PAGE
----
The Challenge of Challenge

When met with something that we disagree with, we all have different ways of dealing with the challenges we face. Sometimes we confront; sometimes, withdraw; other times, we might stand in the challenge and simply acknowledge it; and still other times we have no idea what’s going on, simply riding the whirlwind.

Tonight I’m attending the Rising Tide School auction here in my city of Olympia. Invited by co-founder Abbe Vogel, it’s truly my pleasure to be here tonight. There are at least 200 people here, including dozens of kids. It definitely shows the interest and commitment of a subgroup in this small city that wants alternative learning opportunities for students. Rising Tide operates the Sudbury Valley model, and they do it well.

A decade ago when I first learned of Sudbury Valley I was challenged by the model. Concerned about accessibility, democratic accountability, and socio-economic inequity, I routinely declared my abhorrence to privatized education of all kinds. Anything, charters, democratic schools, anything. I’m over that now.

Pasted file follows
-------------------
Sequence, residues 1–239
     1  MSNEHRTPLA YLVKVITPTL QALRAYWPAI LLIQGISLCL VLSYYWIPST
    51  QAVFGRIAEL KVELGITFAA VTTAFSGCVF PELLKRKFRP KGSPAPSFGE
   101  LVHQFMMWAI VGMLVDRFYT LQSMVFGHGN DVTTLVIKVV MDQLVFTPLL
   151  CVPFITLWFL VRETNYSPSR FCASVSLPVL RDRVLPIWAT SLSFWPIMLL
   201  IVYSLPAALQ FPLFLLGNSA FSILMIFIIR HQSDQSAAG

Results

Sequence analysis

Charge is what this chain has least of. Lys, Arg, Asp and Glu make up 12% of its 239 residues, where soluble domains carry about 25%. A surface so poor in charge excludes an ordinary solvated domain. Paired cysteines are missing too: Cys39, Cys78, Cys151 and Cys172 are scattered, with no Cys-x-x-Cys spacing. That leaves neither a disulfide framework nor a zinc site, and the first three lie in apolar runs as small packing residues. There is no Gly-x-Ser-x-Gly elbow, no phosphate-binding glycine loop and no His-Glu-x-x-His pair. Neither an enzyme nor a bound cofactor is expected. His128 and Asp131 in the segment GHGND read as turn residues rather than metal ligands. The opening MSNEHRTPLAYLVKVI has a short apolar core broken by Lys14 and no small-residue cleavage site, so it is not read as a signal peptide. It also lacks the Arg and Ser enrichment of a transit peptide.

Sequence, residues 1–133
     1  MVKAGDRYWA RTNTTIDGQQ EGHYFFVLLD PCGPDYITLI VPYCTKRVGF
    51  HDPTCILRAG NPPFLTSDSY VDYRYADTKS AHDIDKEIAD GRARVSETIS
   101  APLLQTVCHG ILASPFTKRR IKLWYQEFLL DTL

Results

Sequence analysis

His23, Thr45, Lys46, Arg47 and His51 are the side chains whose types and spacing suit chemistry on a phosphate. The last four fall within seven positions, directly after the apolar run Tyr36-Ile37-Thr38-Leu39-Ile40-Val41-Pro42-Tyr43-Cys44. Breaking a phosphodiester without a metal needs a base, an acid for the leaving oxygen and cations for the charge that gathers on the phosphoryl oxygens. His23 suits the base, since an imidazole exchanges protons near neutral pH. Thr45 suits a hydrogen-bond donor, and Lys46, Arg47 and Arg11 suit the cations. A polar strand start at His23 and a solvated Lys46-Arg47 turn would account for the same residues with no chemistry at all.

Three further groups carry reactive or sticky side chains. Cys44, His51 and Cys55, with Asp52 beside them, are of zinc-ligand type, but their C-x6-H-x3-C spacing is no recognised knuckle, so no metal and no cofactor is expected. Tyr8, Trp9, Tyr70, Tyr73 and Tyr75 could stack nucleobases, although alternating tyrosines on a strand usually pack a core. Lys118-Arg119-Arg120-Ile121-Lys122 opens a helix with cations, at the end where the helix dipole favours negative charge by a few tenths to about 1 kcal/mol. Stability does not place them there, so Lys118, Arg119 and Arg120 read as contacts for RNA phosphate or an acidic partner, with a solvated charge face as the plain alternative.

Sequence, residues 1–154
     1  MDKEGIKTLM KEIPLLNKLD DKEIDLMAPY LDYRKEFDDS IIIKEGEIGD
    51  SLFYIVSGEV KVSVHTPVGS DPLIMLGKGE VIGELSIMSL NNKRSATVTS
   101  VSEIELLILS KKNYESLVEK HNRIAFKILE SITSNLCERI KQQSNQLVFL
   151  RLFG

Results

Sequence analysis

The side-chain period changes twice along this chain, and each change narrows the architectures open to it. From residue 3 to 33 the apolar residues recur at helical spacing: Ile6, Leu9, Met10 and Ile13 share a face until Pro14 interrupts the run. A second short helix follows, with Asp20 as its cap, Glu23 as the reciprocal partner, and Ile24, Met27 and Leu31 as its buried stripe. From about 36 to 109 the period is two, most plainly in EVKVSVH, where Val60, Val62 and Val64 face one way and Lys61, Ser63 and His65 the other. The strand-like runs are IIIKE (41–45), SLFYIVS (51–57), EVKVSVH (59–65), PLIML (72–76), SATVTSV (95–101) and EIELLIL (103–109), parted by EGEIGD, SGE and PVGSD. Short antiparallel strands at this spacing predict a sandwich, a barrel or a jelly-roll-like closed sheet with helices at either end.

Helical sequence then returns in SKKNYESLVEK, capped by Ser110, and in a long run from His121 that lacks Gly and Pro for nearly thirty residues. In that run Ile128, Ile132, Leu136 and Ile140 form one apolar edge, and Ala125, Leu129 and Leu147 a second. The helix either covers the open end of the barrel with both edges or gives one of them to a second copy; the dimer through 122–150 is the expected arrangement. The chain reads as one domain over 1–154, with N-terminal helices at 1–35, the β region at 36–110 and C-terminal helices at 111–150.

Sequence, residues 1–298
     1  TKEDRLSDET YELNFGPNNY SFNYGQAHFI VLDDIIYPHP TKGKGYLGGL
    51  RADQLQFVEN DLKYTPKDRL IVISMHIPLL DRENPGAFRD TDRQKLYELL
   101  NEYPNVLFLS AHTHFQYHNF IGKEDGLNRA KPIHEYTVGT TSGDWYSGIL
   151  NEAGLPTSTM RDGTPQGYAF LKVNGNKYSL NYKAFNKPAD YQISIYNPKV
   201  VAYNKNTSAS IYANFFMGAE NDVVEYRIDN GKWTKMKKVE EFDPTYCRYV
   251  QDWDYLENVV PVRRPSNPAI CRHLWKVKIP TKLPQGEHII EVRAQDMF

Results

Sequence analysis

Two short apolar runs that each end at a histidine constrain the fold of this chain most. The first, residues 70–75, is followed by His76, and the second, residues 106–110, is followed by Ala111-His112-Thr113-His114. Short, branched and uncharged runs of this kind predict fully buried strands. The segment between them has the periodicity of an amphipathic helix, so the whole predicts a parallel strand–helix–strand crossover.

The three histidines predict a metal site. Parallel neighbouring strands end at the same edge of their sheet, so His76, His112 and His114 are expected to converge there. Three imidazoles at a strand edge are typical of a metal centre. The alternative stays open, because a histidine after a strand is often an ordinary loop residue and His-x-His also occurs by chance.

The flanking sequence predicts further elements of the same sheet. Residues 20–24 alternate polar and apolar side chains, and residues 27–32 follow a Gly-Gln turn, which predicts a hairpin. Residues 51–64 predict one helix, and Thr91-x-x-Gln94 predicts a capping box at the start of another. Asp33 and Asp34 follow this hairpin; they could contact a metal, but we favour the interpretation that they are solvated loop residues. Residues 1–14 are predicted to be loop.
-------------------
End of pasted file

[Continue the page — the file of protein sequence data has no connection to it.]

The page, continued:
That’s what a decade of this work has given me: the chance to reconvene my mental jury in order to examine, critique, and re-imagine my own vision for education. The challenge of challenge is accepting where we’re pushing ourselves to go. Note to self: Keep going.

— This is Adam Fletcher’s blog originally posted at For more see

Written by Adam Fletcher, this article was originally posted to Learn more at!

Published by Adam

For almost two decades, Adam F. C. Fletcher has led international outreach focused on engaging people successfully. Working with thousands of youth-serving nonprofits, K-12 schools, government agencies, international NGOs and other organizations around the world, his work spans the fields of education, public health, economic development and social services, and includes professional development, public speaking, publishing, social media and more. He founded the Freechild Institute for Youth Engagement, SoundOut and CommonAction, as well as writing more than 50 publications and 500 articles. He has also established 150-plus community empowerment projects.

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